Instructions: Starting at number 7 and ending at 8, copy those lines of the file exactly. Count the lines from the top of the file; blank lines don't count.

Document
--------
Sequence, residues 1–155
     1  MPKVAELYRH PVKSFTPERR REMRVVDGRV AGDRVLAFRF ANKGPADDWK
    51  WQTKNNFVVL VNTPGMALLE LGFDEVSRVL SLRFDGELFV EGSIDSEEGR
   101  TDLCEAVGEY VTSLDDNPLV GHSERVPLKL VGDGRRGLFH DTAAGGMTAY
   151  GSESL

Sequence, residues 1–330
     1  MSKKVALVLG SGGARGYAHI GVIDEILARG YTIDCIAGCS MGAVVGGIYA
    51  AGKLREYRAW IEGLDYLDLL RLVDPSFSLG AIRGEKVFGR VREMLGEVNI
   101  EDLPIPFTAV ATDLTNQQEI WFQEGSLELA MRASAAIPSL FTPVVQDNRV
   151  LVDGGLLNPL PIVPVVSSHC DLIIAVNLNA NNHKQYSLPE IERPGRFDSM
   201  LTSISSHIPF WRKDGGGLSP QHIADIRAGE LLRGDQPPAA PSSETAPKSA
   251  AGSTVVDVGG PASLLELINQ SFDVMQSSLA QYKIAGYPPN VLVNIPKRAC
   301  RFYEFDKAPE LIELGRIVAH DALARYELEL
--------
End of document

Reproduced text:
     1  MSKKVALVLG SGGARGYAHI GVIDEILARG YTIDCIAGCS MGAVVGGIYA
    51  AGKLREYRAW IEGLDYLDLL RLVDPSFSLG AIRGEKVFGR VREMLGEVNI